In the Hatikva neighborhood of South Tel Aviv, the streets and parks carry names that pay homage to seminal figures in Israel's history. Menachem Begin Park is named after the Israeli Prime Minister who made a historic peace deal with Egypt. Haim Bar Lev Road is named after a celebrated Israeli military leader who became a minister in several governments. And Al Kuwaiti Brothers Street is named for two Jewish brothers of Arab origin, Daoud and Saleh al-Kuwaiti -- prominent musicians who immigrated from Iraq to Israel in 1951 but fell into obscurity in their new homeland. The Israeli singer-songwriter-guitarist Dudu Tassa, Daoud al-Kuwaiti's grandson, attended the 2009 ceremony that designated al-Kuwaiti Brothers Street and revitalized the their name. Then Tassa did something more important: He recorded Dudu Tassa and the Kuwaitis, a 2011 album that modernized the brothers' songs and became a major hit in Israel.
The success of the album, which features Tassa singing many songs in Arabic instead of his usual Hebrew, has prompted Tassa to go on a North American tour that stops at Yoshi's San Francisco on Thursday, March 20, 2014. The concert is part of the 29th annual Jewish Music Festival.
"I'm really surprised by the success of the album, because I did it for the fun, for the family, for the roots, for my mother, for my grandfather, and for that side of the family," Tassa says in a phone interview from Vancouver, where the tour began.
The story of the album and the al-Kuwaiti brothers has a series of twists that are bittersweet. In Kuwait (where they were born), Iraq and all across the Arab world in the 1930s and '40s, Daoud and Saleh al-Kuwaiti were superstars. Daoud played oud and Saleh violin, and they composed songs that were widely aired on the radio, which kept the brothers in demand at concert halls in Baghdad and beyond. They immigrated to Israel with other Iraqi Jews as part of a mass exodus of Jews from Arab countries after Israel's 1948 creation, but in Israel, the brothers' Arabic-language songs received little attention, while in Iraq and other Arab countries, their songs were still widely played, but attributed to other musicians.
To make money in Israel, the brothers sold groceries, and only played at bar mitzvahs and other small affairs. Embittered, they forbade their children from becoming musicians. Daoud died in 1976, Saleh ten years later. Three months after Daoud's death, Daoud's daughter Carmela gave birth to Dudu, who is named after Daoud. Carmela, who always wanted to be a singer and an oudist, played the al-Kuwaiti brothers' songs for Dudu when he was a child. After he established himself as one of Israel's top rock singers and songwriters -- in 2009, he composed the theme music for Kokhav Nolad (A Star Is Born), the Israeli version of American Idol -- Tassa was inspired to tweak the music of his grandfather and great uncle. On Dudu Tassa and the Kuwaitis, Carmela sings on one track, and she has performed on stage with her son.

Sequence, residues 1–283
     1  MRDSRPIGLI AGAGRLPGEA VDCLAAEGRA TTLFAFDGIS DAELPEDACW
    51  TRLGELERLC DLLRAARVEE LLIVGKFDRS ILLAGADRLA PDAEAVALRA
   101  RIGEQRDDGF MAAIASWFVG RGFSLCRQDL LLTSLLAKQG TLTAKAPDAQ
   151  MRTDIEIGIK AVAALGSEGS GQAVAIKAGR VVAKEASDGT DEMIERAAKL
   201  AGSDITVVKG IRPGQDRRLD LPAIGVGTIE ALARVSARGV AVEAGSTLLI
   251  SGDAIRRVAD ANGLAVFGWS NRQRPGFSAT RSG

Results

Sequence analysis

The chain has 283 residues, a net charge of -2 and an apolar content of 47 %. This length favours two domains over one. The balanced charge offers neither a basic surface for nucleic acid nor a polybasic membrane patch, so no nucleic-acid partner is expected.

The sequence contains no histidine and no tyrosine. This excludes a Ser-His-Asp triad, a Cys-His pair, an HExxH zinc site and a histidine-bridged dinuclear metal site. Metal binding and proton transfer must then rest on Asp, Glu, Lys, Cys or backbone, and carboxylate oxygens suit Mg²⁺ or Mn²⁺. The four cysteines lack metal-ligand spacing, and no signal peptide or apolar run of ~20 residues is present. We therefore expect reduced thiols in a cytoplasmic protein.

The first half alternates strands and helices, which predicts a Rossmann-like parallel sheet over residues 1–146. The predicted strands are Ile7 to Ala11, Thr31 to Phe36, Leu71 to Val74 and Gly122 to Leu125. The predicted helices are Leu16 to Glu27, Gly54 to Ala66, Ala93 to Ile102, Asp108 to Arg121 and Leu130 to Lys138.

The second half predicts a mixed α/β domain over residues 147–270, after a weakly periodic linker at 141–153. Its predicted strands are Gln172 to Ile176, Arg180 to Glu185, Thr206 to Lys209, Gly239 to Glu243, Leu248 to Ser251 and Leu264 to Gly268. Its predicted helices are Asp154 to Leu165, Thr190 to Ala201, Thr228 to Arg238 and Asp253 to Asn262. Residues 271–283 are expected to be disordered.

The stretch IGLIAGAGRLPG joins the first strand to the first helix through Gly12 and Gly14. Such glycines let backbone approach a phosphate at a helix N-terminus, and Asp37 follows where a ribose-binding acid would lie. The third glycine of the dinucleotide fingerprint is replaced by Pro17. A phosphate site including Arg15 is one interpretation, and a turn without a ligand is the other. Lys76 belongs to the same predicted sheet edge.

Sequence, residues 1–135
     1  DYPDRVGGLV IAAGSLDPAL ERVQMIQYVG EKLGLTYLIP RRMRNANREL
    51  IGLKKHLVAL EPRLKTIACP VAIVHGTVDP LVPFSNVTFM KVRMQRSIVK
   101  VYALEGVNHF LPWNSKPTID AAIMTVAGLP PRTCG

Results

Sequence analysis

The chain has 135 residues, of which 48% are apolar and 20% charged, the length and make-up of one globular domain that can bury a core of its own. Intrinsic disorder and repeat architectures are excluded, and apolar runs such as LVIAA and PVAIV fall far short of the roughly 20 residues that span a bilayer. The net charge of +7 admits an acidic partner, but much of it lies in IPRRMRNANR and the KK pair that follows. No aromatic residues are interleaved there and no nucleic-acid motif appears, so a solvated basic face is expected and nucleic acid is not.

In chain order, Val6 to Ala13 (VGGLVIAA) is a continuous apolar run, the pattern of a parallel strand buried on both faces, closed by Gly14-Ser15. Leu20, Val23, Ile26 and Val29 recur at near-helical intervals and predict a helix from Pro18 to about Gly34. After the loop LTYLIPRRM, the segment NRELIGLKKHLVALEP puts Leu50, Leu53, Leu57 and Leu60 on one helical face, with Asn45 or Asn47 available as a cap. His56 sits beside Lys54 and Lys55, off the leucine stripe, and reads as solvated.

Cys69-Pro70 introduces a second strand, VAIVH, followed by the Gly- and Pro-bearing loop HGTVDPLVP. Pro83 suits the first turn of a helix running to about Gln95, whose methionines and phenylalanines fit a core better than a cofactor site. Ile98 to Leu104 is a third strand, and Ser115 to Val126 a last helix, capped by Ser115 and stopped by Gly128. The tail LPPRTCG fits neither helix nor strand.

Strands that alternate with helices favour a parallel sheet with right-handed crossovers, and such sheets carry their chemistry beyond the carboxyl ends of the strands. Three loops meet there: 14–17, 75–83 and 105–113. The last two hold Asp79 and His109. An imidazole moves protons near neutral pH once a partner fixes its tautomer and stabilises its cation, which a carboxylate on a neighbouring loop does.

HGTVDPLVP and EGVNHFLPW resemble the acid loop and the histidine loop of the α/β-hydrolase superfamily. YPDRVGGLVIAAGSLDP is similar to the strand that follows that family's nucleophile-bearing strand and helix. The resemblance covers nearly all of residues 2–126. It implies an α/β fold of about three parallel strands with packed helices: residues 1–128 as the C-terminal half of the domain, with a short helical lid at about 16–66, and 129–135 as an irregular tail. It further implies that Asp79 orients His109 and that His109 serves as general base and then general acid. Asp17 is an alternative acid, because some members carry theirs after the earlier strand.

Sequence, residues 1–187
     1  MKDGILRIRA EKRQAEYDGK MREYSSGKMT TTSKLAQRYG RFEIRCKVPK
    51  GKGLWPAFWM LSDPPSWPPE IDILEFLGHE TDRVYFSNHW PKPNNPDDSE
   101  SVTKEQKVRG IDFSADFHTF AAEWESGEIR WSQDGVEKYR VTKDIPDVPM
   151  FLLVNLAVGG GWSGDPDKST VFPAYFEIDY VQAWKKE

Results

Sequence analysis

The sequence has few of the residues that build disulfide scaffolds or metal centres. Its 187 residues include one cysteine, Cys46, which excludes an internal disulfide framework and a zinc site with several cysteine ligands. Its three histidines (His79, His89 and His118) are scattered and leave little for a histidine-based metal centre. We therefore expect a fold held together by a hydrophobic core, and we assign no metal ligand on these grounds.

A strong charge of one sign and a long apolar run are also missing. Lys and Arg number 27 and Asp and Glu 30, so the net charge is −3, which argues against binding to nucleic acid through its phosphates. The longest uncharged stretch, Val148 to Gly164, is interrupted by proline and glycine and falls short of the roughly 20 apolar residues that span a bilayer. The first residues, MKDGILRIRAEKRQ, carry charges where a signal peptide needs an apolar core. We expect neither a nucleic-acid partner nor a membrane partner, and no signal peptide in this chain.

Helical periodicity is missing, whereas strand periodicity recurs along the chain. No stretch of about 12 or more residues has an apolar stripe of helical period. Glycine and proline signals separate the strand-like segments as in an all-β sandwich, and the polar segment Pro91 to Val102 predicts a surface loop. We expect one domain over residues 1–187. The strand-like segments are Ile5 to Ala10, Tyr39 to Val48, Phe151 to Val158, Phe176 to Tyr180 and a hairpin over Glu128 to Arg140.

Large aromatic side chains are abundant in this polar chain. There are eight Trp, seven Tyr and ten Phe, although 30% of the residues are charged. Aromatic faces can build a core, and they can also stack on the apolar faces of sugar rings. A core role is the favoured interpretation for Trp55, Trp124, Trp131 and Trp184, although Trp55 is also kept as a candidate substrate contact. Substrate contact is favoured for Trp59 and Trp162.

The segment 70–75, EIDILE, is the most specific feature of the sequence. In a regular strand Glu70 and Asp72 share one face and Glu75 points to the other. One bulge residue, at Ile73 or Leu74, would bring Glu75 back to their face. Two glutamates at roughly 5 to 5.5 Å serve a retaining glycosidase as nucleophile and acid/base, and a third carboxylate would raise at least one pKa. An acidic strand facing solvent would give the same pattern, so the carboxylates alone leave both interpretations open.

Tassa and his manager, Or Davidson, say Israeli society wasn't ready for the al-Kuwaiti brothers' music in the 1950s. Now, with the music's edgier pace -- fueled by a mix of electric guitar, traditional flute, drums, and Arab music scales -- and blend of Hebrew and Arabic lyrics, young Israelis have gravitated to the songs. Not every track on Dudu Tassa and the Kuwaitis is a dance piece. But each song instills an intensity in the audience. Davidson calls Dudu's Kuwaiti songs "Arab rock." The March 20 concert will feature violinist and oudist Yair Dalal, who plays on the album (and who's descended from Iraqi Jews), and a back-up band that includes a guitarist, cellist, drummer, qanun player, and a musician using a computer.
"One of the things that I learned," Tassa says in Hebrew, which Davidson translated into English, "is that the new generation of Israelis was thirsty to hear what I heard in my mother's home, but in a modern way, the way I did it."
"In Israel in those times," Davidson says of the 1950s, "to hear Iraq music or Arabic music was not really cool. This is one reason that the Kuwaiti brothers didn't succeed in Israel. This project," he adds, "offers closure for Carmela. It's really nice."
In the United States, the Israeli narrative is usually reduced to two peoples: Jewish Israelis and Arab Palestinians. But there are Israelis who are both Jewish and of Arab descent. Out of Israel's population of six million Jews, at least two million have roots in Arab countries. Dudu Tassa is one of them, saying, "I consider myself Israeli Jewish, and I have Arab roots. I can't ignore my roots. I have roots from Arabic culture."
And Tassa's music is bridging cultures at a time when there is mixed reaction to the re-emergence of the Kuwaiti brothers. After the 2009 ceremony that dedicated a street to the brothers, some right-wing Israelis objected to the introduction of an Arabic street name. Tassa, who's 37, is focusing on the positive outcomes of his album and the street ceremony.
"I'm very proud of the opening of the street in Tel Aviv," he says. "This is proof that music can change things in Israel. Music can change a way of thinking."
Dudu Tassa performs Thursday, March 20, 8pm at Yoshi's San Francisco. For tickets and more information, visit yoshis.com.
Funding for KQED Arts is provided by The William and Flora Hewlett Foundation.
Support is also provided by Yogen and Peggy Dalal, Diane B. Wilsey, the Kenneth Rainin Foundation, the John S. and James L. Knight Foundation, Helen Sarah Steyer, the William and Gretchen Kimball Fund, and the members of KQED